Sequel Screenplays: Kurtzman and Orci Discuss ‘Star Trek 2’; Danny Trejo Says ‘Machete Kills’ is Written
Posted on Thursday, December 2nd, 2010 by Russ Fischer
Sequel time: Star Trek 2 and Machete Kills couldn’t be more different, but since there’s a slight bit of news about the screenplay progress for each of them, why not make a little sandwich post? First up, Machete star Danny Trejo has told Bloody Disgusting that Robert Rodriguez tells him the script for Machete Kills is done. Don’t believe me? It’s right here: “I asked him when he was going to write it and he says it’s written, so we can get started pretty quick.”
Since the end credits of the first film promised a second (and third) James Bond-style, this isn’t a huge surprise. (The director previously said, “Once you put it out there, just like we found with the trailer, you have to make it.”) But Robert Rodriguez has to finish the fourth Spy Kids movie before anything else. And given that Machete did respectable but far from outrageously good numbers, we don’t know what the state of the series might be with respect to financing, nor whether co-director Ethan Maniquis might be involved.
After the break, Alex Kurtzman and Roberto Orci talk Star Trek 2. (Which, lest you need a reminder, doesn’t actually have a signed director yet, and quite possibly won’t until the script is done.)
Alex Kurtzman told the LA Times,
Well, we have broken the story, which is very exciting. I think one of the weird challenges that we’re facing on this one is that in many ways, with the first movie, I don’t think people knew what to expect, so when we were in the writing process, Bob and I really spent our time going to things that we loved about “Trek” and it was a very unfiltered process. It felt intimate and small. There weren’t a lot of voices other than [producer] Damon [Lindelof], J.J. and [executive producer] Bryan Burke. …part of what we have to do is listen to it all, ask a lot of questions about what people’s expectations are — and then let all of that go when we sit down to write. We need to find our way back to the same kind of vibe that we had when we wrote the first one: What do we want to see here? What moved us about “Trek”? Where can we go from where we left off?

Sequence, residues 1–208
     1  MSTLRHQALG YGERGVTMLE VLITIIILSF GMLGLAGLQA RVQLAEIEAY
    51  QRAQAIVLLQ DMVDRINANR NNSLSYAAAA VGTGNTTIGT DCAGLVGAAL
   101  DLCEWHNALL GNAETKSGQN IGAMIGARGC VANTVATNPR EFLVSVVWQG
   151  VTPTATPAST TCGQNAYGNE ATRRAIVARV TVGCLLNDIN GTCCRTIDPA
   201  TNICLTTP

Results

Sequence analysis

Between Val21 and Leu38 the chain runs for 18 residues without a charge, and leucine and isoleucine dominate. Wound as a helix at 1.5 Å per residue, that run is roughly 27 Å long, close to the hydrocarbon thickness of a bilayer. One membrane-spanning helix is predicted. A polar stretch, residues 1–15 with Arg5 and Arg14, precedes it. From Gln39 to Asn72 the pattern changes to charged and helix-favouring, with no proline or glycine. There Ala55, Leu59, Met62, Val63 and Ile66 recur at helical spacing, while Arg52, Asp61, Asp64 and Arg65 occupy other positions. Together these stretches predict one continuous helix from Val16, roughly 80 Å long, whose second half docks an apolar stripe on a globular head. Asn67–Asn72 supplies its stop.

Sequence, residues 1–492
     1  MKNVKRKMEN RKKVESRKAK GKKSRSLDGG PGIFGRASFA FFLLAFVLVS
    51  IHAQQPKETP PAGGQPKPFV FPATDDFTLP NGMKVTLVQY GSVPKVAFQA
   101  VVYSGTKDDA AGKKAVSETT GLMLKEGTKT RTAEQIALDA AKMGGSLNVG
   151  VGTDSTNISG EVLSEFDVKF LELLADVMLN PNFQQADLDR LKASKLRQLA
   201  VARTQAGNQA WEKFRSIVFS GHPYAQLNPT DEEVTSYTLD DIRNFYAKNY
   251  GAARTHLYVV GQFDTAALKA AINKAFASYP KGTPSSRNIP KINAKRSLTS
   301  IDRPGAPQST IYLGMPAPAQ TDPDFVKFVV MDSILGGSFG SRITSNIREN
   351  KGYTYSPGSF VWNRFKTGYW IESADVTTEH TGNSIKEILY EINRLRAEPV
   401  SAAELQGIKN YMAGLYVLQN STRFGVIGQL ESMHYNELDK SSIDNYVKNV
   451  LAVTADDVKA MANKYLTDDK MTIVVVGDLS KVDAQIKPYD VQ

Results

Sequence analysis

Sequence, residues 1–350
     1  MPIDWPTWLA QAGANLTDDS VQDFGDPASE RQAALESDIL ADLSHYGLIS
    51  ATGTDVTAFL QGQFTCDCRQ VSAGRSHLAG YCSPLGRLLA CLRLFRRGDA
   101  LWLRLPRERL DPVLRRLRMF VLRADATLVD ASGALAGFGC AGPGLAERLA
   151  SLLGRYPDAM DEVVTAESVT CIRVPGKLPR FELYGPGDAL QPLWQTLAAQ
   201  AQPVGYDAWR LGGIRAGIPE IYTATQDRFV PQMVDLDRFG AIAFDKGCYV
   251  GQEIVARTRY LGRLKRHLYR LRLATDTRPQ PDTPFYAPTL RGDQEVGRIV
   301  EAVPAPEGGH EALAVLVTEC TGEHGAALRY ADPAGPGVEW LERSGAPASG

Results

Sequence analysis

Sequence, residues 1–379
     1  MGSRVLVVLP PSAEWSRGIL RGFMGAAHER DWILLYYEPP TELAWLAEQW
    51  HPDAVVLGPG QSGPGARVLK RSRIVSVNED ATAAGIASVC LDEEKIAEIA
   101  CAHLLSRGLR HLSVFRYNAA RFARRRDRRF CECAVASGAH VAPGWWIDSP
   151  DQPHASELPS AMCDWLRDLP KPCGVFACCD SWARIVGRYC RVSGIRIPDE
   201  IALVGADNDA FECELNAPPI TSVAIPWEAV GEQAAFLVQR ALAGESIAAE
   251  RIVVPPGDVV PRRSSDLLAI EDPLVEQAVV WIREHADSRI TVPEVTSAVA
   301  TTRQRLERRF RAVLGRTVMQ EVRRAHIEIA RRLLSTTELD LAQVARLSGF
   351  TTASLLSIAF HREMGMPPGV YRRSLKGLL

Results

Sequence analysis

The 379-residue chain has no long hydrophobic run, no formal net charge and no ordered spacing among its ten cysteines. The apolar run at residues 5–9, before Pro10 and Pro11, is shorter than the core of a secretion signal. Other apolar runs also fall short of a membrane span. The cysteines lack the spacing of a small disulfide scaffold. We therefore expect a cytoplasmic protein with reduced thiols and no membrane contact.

Rpoberto Orci follows up with:
…now you want the character stories to be good for everybody but also not just be there to be stories but also fit into the plot and be organic. We’re looking at a lot of the old episodes for inspiration, still. Whereas the last movie was all about breaking free from “Star Trek” and its canon, now that we can do whatever we want, we still want it to feel like good ol’ “Star Trek” even though it’s a new story.
Finally, asked about the tone of the second film and how it fits into the overall scope of the new Star Trek, Roberto Orci hedges a little bit:
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I don’t know that we’ve ever thought of it in terms of a trilogy. We thought of the first one as, “How do we tell how this happened the first time and how do we free it so that it can go on forever without stepping on what came before.” So, if you were thinking of this movie as a second act, yeah, you would think of it as an “Empire Strikes Back” sort of story, but I’m not sure we’re thinking of it as a second act. I can’t speak for everybody on that, though.